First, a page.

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Friday
Feb132015

Falling In Love

Falling in love is the best…. the feeling of falling in love with your baby is beyond the best and almost impossible to describe.  The other day I was watching the Ellen show and an actress who had recently had a baby was describing the incredible, unconditional love she felt towards her newborn daughter.  Though she loved her partner, her parents, her friends etc., this feeling was like no other.   She also went on to describe the time she spent with her child, how she fed her baby, where the baby slept and so forth.  Though she didn’t mention the correlation between these things, I knew that how she had cared for her daughter had facilitated this bond they now shared.

The release of oxytocin (the feel good, “love” hormone) during labor, childbirth, and nursing is widely known.  However, these are not the only ones.   Often as a postpartum doula, I am asked how a partner can become more involved with their new baby.   Things like massage, skin-to-skin contact, dancing, bathing and wearing your baby are great ways to bond as well and aren’t exclusive to just mamas.  Babies also adore all of these practices and will fall in love with you back.  So kiss, hug, snuggle, and sway with your babe and let the love fest begin! written by: Patti Schultz, CPD

 

Monday
Feb022015

Looking Beyond the Birth - preparing for your postpartum experience

As women and families prepare for childbirth, there is often a focus on preparation for the labor and birth.  Birth is such a huge event that often it is difficult to look beyond that point. It can overshadow even the fact that there will be a baby arriving that day! There is good reason for this focus and preparation for birth. There is nothing more magnificent than when a woman in childbirth reaches deep inside herself and finds a power she never knew she had.  This happens whenever she is offered trust and patience, adequate support, and shared decision making, no matter what her birth choices or whether she ends up having a natural birth, medicated, home birth, or surgical birth. It is worth the preparation and exploring the options to find the team and location that most fit her vision of her birth, whether she is seeking an obstetrical or a midwifery model of care, or choosing to birth in a hospital, a birthing center, or at home.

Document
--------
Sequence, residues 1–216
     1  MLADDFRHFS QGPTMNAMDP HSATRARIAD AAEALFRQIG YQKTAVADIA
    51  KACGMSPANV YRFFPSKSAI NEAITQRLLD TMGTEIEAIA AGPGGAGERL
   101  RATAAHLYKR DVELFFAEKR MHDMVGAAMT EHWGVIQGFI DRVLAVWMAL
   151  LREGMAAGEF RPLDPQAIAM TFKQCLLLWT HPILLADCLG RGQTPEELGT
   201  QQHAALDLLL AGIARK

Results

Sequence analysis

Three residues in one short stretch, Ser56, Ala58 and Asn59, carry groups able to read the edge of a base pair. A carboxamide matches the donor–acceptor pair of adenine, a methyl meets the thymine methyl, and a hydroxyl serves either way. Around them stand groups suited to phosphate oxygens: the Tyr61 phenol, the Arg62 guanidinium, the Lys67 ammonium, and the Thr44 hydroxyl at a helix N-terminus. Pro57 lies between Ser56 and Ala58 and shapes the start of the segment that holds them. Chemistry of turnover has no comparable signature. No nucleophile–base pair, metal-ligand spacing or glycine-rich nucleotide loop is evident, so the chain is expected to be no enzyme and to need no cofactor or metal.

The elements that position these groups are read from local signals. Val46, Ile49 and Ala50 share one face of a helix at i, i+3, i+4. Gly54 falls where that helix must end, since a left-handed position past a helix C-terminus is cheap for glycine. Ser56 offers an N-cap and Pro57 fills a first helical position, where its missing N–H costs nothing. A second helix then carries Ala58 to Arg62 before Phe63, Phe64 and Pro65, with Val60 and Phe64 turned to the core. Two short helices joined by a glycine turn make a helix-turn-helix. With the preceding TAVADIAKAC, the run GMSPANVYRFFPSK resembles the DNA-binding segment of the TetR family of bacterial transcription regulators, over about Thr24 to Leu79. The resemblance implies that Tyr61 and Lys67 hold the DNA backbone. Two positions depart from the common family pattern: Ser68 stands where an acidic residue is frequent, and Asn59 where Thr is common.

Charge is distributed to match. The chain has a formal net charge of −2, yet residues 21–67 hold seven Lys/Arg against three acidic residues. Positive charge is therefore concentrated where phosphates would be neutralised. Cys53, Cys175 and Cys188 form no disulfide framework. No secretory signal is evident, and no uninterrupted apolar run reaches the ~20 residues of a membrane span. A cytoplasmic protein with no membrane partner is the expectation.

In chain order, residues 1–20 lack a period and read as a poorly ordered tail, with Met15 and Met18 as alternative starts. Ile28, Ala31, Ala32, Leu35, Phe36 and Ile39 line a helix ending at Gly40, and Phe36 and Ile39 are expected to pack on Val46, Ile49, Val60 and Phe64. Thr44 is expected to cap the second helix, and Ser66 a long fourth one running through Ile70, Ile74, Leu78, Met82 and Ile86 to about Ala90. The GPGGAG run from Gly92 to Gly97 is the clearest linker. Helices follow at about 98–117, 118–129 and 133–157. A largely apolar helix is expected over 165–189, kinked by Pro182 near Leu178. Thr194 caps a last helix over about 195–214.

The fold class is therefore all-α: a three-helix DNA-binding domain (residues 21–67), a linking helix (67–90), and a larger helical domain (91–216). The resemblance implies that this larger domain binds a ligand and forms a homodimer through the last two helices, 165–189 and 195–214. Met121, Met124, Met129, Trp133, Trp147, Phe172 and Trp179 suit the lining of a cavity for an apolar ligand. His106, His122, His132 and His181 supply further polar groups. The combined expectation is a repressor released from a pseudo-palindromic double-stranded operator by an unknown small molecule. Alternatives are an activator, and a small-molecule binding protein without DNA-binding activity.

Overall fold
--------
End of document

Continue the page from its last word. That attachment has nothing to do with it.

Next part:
It is also valuable, however, to spend adequate time preparing for the immediate postpartum period. This is an extremely important time, the first moments of a baby’s life! It can be heartbreaking when a woman has had an amazing, empowered birth experience only to have this sacred time diminished by the protocols of neonatal staff at the hospital.

By the time a baby is born, parents are usually completely exhausted from the birth.  At the same time, there is a rush of hormones that leaves them experiencing unimaginable bliss and extreme vulnerability upon meeting their new baby. It is very easy for them to allow things to happen to their baby that they wouldn’t normally agree to.  This is why it so important for parents to make decisions for their babies beforehand or often the decisions will be made for them. The hospital staff will simply adhere to the standards of care which may not be aligned with the ideals of the parents or only make sense for a certain demographic.

There are many things parents have choices about for newborn care.  Among them are choices about when the umbilical cord gets cut, whether their baby gets suctioned, how long their baby spends skin to skin and breastfeeds before the initial newborn assessment, whether their baby receives eye prophylaxis, vitamin K injection or hepatitis B injection, whether their baby gets a bath, wears a hat, whether their baby gets tested or treated for jaundice at the hospital (as opposed to being tested/treated by their own pediatrician), or in some cases, whether their baby gets a septic work up and treated with (possibly prophylactic) antibiotics. There are appropriate uses for all of these interventions. There are also times when these interventions can interfere with the bonding and breastfeeding process, which if disturbed can take weeks or months to correct, and even have a lifelong impact on the health of the baby.  The more a parent knows about each of these procedures, and the more they understand their rights as a patient, the more prepared they will be to make the appropriate choices at the hospital.